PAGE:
07:16 am
17 January 2019

The Tangled Web of Net Neutrality

The Tangled Web of Net Neutrality
Net neutrality has been repealed

by: Kortny Savage


Net Neutrality is a basic, but an incredibly confusing principle. It means that a broadband internet provider should not block, slow, or unfairly discriminate against any websites or online services. Despite being a simple idea, net neutrality has proven difficult to translate in United States policy. On December 14, the Federal Communications Center (FCC) will vote on a plan to undo the notorious, net neutrality. The FCC voted to repeal net neutrality. This has provoked a lot of anger from a surplus of people, who want to have their internet freedom.


Host John Oliver from “Last Week Tonight” went on a 13-minute rant against the new set of internet rules proposed by the FCC. He warned that the rules would lead to a world where internet service providers like Comcast can sell special treatment to web companies like Netflix, charging extra fees to deliver faster content. A lot of other people are acting fast to not repeal net neutrality, protests have started, and petitions created. In Washington D.C., the FCC was holding a dinner event. Protesters came stomping around their hotel blaring chants, telling personal stories, and waving pro-net neutrality posters to them.


Why is the majority of society so against net neutrality? First off, the internet won’t be free anymore. Each app will cost an amount per month. For example, it is estimated that Google would cost about two dollars per search. Snapchat, Instagram, and other popular apps would cost about nine dollars each. Internet providers, like Comcast will have a lot of power to what you can and cannot access. This is a big deal, making a majority of people angry because the internet should be free. On Thursday, Sophomore Melina Rosser said, “If net neutrality gets repealed I will not be too happy, I enjoy my free internet.”


Industry and public interest groups are considering several strategies to protect the rules of net neutrality. Society is wanting to sue, pass a law, or anything to get the law back. Also, critics of the repeal say they have a number of reasons to sue. Legal strategies could include arguing that the reversal is a choice because it comes justs two years after the Obama rules were placed. Another option to get the net neutrality back is the congressional review act. This act is a tool that congress may use to overturn a rule issued by a federal agency. Sophomore Lizzy Foulger said, “Congress better use that overturn rule.”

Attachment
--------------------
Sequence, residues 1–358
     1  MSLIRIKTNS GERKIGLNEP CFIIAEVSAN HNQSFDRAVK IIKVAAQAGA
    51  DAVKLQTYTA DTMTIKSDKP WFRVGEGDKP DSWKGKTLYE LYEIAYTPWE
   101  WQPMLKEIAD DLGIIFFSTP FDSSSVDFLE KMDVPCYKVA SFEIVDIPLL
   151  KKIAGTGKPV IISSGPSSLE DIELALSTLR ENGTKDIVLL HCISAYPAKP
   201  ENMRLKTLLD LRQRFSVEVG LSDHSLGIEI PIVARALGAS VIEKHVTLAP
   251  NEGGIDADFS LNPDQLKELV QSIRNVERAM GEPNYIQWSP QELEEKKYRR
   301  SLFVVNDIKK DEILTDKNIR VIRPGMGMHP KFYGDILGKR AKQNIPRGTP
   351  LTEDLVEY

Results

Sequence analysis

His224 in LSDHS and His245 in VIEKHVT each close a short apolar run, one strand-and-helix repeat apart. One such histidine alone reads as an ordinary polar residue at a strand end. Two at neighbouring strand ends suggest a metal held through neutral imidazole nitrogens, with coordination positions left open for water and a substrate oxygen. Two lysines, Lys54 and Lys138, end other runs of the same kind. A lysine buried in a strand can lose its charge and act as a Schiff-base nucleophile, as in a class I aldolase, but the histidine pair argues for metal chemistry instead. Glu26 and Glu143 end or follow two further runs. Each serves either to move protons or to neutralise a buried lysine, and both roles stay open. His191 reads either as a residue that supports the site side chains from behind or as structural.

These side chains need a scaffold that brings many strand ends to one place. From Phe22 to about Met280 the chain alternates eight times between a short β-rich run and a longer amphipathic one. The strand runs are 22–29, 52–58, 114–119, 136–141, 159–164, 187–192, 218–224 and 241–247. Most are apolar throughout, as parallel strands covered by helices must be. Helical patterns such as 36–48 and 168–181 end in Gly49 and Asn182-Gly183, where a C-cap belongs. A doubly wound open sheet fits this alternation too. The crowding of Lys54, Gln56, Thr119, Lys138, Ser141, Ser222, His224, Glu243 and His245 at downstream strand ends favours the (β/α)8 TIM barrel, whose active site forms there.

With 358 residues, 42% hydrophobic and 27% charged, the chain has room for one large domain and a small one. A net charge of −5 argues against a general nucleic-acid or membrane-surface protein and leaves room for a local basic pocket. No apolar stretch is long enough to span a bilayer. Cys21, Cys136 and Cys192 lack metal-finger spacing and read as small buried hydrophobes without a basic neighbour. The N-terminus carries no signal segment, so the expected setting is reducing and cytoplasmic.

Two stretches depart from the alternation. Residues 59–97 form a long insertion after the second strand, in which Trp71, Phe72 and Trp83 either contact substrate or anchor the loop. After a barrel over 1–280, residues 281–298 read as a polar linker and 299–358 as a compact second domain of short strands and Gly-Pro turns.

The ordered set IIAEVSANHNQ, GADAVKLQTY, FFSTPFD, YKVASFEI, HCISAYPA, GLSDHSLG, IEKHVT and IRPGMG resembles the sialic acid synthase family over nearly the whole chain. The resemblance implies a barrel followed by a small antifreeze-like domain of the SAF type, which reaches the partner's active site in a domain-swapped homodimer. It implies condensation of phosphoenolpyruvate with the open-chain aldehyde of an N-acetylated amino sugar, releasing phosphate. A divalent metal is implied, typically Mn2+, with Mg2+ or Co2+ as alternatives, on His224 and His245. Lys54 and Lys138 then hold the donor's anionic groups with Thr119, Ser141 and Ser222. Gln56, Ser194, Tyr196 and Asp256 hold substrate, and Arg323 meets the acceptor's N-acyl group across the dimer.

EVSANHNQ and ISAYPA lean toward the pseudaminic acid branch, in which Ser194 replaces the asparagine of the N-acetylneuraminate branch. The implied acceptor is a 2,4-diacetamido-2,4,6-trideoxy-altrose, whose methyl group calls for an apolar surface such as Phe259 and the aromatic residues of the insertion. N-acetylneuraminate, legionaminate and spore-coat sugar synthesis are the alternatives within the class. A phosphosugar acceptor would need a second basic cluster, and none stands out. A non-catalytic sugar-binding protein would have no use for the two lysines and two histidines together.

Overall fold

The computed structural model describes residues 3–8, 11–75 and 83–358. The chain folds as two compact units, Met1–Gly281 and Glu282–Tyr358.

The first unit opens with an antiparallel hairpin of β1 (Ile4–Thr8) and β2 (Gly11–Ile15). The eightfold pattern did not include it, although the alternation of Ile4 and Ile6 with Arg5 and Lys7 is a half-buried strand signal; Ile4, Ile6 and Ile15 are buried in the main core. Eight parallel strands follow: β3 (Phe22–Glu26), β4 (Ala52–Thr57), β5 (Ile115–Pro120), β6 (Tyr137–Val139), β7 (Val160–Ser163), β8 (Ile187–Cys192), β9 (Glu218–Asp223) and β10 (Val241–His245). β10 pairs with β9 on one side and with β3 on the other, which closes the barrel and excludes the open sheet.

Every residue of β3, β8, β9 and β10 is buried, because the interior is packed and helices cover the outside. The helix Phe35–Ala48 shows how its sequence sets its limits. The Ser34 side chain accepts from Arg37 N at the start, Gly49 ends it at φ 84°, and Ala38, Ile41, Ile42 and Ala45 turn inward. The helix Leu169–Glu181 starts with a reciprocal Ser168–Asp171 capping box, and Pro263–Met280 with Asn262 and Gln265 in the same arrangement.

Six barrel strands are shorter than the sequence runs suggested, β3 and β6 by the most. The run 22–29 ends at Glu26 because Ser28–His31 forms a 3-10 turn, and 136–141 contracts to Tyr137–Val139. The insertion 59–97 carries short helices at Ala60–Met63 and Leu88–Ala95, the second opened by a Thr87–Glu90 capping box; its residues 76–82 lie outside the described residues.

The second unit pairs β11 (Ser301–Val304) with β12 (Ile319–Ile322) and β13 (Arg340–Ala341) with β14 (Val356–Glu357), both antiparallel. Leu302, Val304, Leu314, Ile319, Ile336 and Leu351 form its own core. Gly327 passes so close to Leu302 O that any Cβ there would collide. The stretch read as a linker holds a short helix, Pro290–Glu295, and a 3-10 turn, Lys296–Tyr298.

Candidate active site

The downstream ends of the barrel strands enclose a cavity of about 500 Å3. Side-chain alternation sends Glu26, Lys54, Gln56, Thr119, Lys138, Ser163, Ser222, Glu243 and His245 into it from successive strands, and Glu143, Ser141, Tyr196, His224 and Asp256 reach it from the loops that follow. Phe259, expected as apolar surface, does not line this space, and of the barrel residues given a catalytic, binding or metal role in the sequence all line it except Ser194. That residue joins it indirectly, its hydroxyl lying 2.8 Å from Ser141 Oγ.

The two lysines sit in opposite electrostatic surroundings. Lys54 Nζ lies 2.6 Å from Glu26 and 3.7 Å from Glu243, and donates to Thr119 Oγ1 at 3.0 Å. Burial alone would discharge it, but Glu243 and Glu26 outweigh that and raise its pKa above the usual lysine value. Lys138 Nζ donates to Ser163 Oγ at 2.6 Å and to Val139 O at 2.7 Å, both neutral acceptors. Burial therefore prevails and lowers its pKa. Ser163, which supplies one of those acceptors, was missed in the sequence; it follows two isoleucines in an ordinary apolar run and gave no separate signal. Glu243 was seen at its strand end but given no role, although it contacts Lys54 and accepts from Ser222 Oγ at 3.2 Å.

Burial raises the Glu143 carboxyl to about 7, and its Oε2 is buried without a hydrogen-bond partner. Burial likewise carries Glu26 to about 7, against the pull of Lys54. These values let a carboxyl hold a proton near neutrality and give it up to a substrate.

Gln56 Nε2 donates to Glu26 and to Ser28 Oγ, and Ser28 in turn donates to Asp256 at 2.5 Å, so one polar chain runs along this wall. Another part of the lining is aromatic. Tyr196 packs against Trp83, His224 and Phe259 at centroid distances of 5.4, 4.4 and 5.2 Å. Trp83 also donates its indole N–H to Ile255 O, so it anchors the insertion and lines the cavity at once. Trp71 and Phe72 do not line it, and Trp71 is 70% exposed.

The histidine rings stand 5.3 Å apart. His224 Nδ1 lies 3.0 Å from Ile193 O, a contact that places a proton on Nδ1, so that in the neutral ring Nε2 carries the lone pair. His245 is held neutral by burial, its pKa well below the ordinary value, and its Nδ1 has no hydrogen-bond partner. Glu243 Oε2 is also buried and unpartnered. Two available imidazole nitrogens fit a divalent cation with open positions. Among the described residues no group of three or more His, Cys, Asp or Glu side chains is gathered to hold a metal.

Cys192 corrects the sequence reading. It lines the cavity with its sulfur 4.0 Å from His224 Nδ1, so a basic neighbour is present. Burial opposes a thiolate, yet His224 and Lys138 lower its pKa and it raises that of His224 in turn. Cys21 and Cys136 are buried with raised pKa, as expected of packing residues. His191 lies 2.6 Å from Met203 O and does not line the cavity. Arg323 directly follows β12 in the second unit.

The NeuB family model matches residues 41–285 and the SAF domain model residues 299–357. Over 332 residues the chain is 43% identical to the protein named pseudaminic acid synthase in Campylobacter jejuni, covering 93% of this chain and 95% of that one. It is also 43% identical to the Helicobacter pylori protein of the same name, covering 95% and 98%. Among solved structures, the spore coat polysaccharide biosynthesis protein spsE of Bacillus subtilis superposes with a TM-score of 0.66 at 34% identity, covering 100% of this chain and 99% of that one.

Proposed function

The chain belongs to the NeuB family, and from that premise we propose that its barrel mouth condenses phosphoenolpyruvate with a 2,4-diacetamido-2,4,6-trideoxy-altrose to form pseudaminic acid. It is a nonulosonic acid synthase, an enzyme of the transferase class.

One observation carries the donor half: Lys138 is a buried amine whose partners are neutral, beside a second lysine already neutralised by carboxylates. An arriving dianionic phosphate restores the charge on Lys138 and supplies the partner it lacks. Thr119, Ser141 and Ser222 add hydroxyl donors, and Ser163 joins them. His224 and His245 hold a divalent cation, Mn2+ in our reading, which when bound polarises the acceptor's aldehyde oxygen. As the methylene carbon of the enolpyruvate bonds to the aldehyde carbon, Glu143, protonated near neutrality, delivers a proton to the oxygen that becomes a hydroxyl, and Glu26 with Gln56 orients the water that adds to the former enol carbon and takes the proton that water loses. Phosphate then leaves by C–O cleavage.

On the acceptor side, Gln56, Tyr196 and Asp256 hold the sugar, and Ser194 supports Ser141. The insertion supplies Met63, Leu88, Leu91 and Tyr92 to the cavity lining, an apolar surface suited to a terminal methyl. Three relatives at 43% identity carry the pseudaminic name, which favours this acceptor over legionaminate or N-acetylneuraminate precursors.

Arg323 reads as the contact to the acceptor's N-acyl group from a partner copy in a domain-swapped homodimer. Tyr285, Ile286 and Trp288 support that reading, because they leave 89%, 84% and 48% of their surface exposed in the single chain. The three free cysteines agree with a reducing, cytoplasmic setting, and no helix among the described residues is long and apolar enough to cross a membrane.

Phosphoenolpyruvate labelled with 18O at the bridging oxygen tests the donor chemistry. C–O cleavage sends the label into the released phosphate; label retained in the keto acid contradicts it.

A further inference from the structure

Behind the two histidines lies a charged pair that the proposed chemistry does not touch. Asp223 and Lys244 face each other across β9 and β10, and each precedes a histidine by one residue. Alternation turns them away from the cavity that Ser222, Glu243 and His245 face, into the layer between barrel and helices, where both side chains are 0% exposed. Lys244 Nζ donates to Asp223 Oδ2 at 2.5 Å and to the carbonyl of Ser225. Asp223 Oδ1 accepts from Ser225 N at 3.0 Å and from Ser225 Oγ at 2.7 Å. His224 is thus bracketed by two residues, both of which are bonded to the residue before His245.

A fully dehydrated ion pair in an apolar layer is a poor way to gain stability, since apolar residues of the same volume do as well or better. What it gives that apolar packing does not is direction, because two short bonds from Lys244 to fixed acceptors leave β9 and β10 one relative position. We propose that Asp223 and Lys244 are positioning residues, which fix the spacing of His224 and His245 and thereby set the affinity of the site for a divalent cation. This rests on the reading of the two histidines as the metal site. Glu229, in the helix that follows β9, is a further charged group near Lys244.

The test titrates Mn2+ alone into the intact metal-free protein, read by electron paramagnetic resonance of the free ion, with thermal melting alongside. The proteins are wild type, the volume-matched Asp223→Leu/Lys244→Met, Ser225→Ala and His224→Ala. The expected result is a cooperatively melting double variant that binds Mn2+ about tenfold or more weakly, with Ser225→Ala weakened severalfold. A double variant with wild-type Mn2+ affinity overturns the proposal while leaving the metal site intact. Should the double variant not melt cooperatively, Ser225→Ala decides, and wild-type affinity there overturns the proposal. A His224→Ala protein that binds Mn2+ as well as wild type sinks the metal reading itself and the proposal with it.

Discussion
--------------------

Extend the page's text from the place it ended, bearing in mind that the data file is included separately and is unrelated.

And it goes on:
On December 14, 2017 it was decided that net neutrality will be repealed. This caused a lot of anger from most individuals. But, this does not mean that net neutrality is gone. It will take awhile before it starts to take action. To add, there will be a senate vote to reinstate net neutrality. On Thursday, Sophomore Alexandra Graves said, “I believe we don’t have to worry about net neutrality being repealed. First of all, it seems like everyone is doing everything they can to get it back. And, the internet providers get to decide if they want their users to experience the repeal of net neutrality. We shouldn’t be too worried about it, and it will take awhile for it to take action.”


To conclude, it has been decided that net neutrality will be repealed. Whether the government decides to act on it or not will still be decided. Just remember, it will take a couple months before it actually takes action.

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